Edited to add: I've changed the thread title from "Malay Bolo" to "Malay Barong" based on new information from CWL. Thanks!
    Last edited: Jun 18, 2008
  2. JohnKSa

    JohnKSa Well-Known Member

    That handle style is about as good as it gets, especially if it incorporates a guard to keep your fingers off the blade.

    It would be interesting to know what the blade was made from...
  3. CWL

    CWL Well-Known Member

    That knife is more accurately called a "barong" (or parang) and is a universal design in that part of the world. Probably hammered from the proverbial truck spring by a village smith. Great balance & power-to-size ratio as a chopping knife, but capable of detail work by gripping the spine.

    I happen to have a Bill Siegel version sitting right next to me as I type this. 9" blade length. This has become my primary 'big knife' and has beat-out many other big blades that I have been collecting over the years. I think that it is a great multi-purpose knife, is more rugged and can go toe-to-toe with knives much longer/bigger than it. The broad belly centers the weight so that it is easier to control than longer blades without sacrificing cutting power.

    Attached Files:

    Last edited: Jun 18, 2008
  4. Brian Dale

    Brian Dale Well-Known Member

    Barong/parang it is, then. Having once spent a month in Thailand, I think that I can hear the pronunciation.

    Thank you, Sir.

    I agree. It rusts if it gets the chance. Beyond that, I'm clueless. A truck spring (thanks again, CWL) wouldn't surprise me.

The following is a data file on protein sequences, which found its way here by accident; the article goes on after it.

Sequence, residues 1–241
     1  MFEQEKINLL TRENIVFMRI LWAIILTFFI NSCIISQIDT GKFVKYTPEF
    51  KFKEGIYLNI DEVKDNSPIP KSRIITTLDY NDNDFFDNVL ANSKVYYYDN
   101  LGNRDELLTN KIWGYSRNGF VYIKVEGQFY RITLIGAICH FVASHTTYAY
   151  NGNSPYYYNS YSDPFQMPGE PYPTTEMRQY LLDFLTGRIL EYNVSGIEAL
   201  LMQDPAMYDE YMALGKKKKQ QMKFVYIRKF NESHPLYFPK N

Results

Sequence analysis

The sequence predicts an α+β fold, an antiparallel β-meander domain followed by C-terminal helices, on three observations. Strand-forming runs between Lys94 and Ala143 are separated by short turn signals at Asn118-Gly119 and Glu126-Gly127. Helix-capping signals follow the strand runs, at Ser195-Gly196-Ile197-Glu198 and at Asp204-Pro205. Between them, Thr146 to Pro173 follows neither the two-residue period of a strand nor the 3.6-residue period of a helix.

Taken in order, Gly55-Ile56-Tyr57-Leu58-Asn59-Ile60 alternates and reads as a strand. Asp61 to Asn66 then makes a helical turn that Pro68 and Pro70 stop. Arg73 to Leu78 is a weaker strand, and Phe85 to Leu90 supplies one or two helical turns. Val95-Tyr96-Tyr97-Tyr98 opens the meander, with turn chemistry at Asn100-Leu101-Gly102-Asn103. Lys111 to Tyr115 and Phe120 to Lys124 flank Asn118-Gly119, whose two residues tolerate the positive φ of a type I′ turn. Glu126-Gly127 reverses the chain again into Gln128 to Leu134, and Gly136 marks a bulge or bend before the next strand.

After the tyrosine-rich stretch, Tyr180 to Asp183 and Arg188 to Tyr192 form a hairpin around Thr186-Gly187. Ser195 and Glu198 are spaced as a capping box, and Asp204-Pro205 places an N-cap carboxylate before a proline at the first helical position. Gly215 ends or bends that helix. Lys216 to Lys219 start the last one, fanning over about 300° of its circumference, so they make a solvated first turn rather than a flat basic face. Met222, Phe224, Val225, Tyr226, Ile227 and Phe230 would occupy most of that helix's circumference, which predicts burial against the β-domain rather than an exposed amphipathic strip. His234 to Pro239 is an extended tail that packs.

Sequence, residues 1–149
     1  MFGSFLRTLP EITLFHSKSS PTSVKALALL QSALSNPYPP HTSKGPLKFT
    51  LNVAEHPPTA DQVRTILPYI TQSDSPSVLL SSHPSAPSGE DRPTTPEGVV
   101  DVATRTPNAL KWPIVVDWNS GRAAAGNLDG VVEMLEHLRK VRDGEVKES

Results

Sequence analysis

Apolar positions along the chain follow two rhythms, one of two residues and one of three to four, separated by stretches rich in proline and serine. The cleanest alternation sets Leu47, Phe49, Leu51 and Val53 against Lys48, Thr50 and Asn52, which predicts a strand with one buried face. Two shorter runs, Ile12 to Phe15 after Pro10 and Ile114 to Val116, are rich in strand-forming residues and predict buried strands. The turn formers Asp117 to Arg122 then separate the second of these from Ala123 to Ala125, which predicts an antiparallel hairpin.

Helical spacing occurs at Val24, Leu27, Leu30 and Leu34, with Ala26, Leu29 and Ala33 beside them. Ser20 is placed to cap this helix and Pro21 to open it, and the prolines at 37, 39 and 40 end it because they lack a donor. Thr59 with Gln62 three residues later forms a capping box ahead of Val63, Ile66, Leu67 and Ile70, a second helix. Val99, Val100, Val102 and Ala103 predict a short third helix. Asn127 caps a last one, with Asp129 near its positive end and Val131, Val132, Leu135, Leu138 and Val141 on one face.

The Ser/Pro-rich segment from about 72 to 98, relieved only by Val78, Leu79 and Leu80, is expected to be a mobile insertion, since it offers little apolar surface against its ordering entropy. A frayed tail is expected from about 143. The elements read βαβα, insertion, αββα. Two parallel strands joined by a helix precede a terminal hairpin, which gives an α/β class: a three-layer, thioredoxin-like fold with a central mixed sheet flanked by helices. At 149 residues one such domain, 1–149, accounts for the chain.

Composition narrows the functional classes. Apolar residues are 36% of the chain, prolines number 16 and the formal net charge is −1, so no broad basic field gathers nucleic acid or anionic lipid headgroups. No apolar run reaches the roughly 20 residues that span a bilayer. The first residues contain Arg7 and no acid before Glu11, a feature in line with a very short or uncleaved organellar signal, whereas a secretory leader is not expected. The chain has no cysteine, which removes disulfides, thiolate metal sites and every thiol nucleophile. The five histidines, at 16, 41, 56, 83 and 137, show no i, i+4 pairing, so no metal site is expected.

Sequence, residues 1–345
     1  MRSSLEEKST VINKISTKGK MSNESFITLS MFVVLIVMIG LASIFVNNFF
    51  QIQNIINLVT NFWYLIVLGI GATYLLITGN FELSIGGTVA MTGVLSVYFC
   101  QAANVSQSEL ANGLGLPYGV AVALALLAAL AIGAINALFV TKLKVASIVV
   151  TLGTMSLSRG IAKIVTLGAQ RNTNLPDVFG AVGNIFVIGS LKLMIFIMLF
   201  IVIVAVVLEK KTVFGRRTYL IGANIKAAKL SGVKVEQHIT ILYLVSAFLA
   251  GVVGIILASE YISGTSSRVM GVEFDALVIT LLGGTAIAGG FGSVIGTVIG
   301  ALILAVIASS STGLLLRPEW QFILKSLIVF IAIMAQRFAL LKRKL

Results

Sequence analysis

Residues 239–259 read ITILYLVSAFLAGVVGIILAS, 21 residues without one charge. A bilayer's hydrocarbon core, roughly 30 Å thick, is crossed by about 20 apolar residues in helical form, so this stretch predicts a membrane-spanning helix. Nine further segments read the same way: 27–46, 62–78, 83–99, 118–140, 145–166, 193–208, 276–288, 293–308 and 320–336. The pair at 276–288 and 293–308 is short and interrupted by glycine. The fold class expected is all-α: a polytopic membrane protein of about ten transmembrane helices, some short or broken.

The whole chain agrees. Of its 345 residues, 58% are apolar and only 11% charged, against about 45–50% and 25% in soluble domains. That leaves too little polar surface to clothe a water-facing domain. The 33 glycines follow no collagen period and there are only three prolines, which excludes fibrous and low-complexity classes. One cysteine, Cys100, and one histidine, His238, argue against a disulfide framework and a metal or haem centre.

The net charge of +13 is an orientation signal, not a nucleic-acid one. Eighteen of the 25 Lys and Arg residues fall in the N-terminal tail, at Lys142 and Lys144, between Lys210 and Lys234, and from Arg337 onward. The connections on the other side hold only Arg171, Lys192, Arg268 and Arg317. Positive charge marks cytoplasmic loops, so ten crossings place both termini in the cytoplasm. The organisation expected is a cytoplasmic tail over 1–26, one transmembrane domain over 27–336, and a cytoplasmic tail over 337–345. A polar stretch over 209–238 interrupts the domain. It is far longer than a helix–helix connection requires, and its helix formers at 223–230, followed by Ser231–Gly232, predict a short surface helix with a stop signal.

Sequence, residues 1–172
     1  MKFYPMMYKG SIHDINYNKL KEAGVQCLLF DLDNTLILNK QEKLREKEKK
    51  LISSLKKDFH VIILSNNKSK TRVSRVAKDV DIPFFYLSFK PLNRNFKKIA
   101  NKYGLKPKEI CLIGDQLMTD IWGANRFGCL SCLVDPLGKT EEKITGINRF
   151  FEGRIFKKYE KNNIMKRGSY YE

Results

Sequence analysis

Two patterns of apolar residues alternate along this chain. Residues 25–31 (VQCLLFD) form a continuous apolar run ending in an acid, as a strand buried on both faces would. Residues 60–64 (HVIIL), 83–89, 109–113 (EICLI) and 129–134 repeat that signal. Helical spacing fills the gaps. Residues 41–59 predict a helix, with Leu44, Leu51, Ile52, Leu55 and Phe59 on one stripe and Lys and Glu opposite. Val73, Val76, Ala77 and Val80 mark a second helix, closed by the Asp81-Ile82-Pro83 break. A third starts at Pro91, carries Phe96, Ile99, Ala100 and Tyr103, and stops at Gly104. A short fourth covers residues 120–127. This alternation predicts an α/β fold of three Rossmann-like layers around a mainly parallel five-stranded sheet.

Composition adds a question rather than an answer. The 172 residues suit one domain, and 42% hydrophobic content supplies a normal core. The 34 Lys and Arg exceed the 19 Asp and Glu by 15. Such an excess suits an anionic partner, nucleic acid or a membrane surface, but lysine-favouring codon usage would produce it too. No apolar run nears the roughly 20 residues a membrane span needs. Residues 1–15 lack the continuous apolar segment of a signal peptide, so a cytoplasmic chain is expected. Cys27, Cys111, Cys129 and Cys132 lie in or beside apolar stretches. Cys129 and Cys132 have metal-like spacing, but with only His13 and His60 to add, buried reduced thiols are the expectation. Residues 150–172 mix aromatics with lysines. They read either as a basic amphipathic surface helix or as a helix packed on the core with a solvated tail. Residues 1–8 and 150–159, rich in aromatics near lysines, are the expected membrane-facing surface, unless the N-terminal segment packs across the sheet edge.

Last edited: Jun 18, 2008
  5. hso

    hso Moderator Staff Member

    Can't go wrong with a barong. I have a couple and they're impressive.
  6. Carl Levitian

    Carl Levitian member

    I absolutly love posts like this!

    What I love is the fact that its a real working blade, made by some guy who really knows what a well deigned knife should be. So many times I've run into this senerio, where I'll find some low tech, low price knife that out performs most of the custom high dollar stuff being made here. To me, the beautiy of the object is in the funtion of its intended task. How well does it work.

    Great knife, Brian. Thank you for posting it.
    Last edited: Jun 18, 2008
  7. Skofnung

    Skofnung Well-Known Member

    That is too cool. I'm glad a good blade is getting some real work!
  8. JShirley

    JShirley Administrator Staff Member

    Nice parang. My younger brother has one picked up by our grandfather during WWII.

  9. sm

    sm member


    Thanks for sharing with pictures!